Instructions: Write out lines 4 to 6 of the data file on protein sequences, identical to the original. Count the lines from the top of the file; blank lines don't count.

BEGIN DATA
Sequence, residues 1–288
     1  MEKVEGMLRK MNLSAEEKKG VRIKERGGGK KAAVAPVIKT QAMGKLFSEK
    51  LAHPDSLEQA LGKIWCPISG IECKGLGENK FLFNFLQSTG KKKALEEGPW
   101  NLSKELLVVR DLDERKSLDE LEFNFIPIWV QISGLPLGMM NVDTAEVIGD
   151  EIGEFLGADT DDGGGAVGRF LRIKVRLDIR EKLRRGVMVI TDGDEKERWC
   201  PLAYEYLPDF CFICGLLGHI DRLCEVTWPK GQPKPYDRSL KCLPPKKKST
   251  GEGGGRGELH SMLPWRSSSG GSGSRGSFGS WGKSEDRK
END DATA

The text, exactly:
   101  NLSKELLVVR DLDERKSLDE LEFNFIPIWV QISGLPLGMM NVDTAEVIGD
   151  EIGEFLGADT DDGGGAVGRF LRIKVRLDIR EKLRRGVMVI TDGDEKERWC
   201  PLAYEYLPDF CFICGLLGHI DRLCEVTWPK GQPKPYDRSL KCLPPKKKST